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A bicycle commuter who rides four miles to work, five days a week, avoids 2,000 miles of driving and about 2,000 pounds of CO2 emissions, each year.

Suburban advocates call for improvements to DPRT

The southern segment of the Des Plaines River Trail (DPRT) between Touhy and North Avenues is often better suited for a kayak than a bike. That’s because flooding from the nearby river — like in this photo — often makes the trail either impassable or an uninviting soggy mess. 

People who use the trail know that this part of the trail faces other shortcomings as well, including a lack of signage and the need to cross wide and scary arterial streets where heavy traffic is speeding by.

With these and other problems in mind, Active Trans started working with a group of committed northwest suburban advocates and elected officials. The collaboration resulted in an advocacy study showing how the trail and access to it can be improved

The DPRT is a great community asset that extends from the Wisconsin border into central Cook County. The problem-plagued southern segment is one of four high-priority gaps identified in our Trail Connect Chicagoland vision.

Too often people walking or biking on our regional trails encounter dead ends, dangerous crossings, diversions onto stressful streets and other gaps in the network. These issues prevent people from using trails for everyday transportation and recreation. By addressing these priority gaps, we can make our regional trail network safer, more inviting and more functional.

Right now, an engineering study is being conducted for the Village of Rosemont that will include a detailed analysis of DPRT routing and street crossing problems between Touhy and North Avenue. To compliment that engineering work, which is funded by the West Central Municipal Conference and Cook County, Active Trans is examining the same segment of the trail from an advocacy perspective.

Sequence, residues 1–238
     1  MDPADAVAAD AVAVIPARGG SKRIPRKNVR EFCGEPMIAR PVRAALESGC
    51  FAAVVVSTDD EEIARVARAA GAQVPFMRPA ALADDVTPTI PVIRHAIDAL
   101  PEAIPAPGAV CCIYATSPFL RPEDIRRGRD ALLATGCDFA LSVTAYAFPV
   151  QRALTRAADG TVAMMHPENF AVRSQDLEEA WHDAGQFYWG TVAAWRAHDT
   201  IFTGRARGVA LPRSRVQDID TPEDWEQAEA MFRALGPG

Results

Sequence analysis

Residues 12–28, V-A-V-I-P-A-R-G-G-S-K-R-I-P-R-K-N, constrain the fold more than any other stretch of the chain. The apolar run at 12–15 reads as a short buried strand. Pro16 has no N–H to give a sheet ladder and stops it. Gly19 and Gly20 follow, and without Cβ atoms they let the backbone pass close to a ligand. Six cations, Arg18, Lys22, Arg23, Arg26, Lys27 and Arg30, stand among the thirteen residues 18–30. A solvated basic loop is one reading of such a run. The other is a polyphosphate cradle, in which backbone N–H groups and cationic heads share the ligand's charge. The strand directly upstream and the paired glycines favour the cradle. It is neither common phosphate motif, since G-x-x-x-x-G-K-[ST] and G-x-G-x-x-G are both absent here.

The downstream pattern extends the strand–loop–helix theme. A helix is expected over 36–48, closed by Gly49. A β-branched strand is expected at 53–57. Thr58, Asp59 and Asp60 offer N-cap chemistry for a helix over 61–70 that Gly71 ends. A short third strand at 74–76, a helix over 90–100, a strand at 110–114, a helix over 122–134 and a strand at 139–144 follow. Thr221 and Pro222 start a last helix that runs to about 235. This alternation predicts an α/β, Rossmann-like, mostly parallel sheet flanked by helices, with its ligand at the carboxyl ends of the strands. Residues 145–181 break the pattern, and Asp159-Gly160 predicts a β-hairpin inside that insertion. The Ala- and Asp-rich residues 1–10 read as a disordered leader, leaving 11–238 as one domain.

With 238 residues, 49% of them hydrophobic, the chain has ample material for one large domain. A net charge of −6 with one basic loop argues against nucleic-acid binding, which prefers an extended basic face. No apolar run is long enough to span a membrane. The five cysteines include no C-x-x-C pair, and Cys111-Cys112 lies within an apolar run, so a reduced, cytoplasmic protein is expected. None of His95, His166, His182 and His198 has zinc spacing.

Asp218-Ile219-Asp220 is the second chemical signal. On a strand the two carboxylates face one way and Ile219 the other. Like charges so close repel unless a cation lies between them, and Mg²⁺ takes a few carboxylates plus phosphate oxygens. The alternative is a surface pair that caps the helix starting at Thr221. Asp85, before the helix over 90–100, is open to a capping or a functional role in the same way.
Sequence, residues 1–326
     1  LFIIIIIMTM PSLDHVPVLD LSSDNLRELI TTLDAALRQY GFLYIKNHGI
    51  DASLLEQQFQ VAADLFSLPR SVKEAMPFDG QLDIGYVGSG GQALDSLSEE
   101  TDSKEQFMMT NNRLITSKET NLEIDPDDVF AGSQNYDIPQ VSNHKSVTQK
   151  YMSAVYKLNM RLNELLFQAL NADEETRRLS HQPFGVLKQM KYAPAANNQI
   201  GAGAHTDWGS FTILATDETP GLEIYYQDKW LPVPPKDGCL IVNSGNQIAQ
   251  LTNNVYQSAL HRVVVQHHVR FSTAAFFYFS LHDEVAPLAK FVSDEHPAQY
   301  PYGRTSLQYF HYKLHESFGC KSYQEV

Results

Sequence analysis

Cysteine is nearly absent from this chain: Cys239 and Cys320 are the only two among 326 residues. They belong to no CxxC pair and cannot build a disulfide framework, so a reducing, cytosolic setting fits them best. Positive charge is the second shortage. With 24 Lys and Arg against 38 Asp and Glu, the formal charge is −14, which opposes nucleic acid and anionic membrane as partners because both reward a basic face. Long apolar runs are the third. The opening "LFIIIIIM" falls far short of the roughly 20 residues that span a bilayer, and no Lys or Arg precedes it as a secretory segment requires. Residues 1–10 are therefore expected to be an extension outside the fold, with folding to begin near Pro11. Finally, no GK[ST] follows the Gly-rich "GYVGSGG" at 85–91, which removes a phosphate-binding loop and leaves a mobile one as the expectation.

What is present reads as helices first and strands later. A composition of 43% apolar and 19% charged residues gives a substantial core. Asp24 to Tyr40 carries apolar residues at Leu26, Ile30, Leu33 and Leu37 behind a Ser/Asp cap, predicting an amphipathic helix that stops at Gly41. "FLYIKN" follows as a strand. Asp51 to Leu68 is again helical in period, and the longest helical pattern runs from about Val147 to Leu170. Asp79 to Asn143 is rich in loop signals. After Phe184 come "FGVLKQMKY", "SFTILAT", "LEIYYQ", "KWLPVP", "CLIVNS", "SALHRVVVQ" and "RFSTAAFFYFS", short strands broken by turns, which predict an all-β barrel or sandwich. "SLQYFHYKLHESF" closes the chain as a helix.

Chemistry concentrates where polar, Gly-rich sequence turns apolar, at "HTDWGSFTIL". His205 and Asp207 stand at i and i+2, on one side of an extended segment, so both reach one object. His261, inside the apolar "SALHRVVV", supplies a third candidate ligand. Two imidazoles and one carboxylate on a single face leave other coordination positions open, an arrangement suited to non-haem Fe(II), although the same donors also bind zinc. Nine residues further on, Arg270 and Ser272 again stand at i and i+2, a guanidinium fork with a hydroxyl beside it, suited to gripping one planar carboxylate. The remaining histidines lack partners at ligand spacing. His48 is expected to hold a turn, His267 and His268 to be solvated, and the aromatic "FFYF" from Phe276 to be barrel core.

Late summer, Active Trans brought together trail advocates from nearby communities to form the Friends of the Des Plaines River & Trail. With their help and help from nearby elected officials, municipalities and government agencies, a number of solutions to improving the trail have been proposed, including:

  • Improving tunnels and underpasses at major streets
  • Improving striping at intersections and street crossings not at intersections (often called “mid-block crossings”)
  • Reducing speed limits along streets that go through the forest preserve
  • Adding bike lanes along a number of streets that lead to trailheads
  • Creating new amenities, including interpretative areas, comfort stations, drinking fountains, etc.
  • Installing improved trail signs
  • Getting nearby communities to adopt bike plans or active transportation or complete streets policies  

Now that the issues and important projects have been identified, it’s time for the governmental group and Friends of the DPRT group to start advocating for these improvements.

“As a life-long trail user, it is important to have access to the forest preserve with its educational value, recreational opportunities, as well as its contribution to the local economy,” said Mayor David B. Guerin of River Grove. “It is my hope is to see our trail system improved and preserved for our future generations.”

Active Trans will be working closely with Mayor Guerin and others to ensure the trail is improved for all users. If you’re interested in advocating for improvements along the DPRT, please contact Matt Gomez, Active Trans Trail Advocacy Manager, at matt@activetrans.org to see how you can help.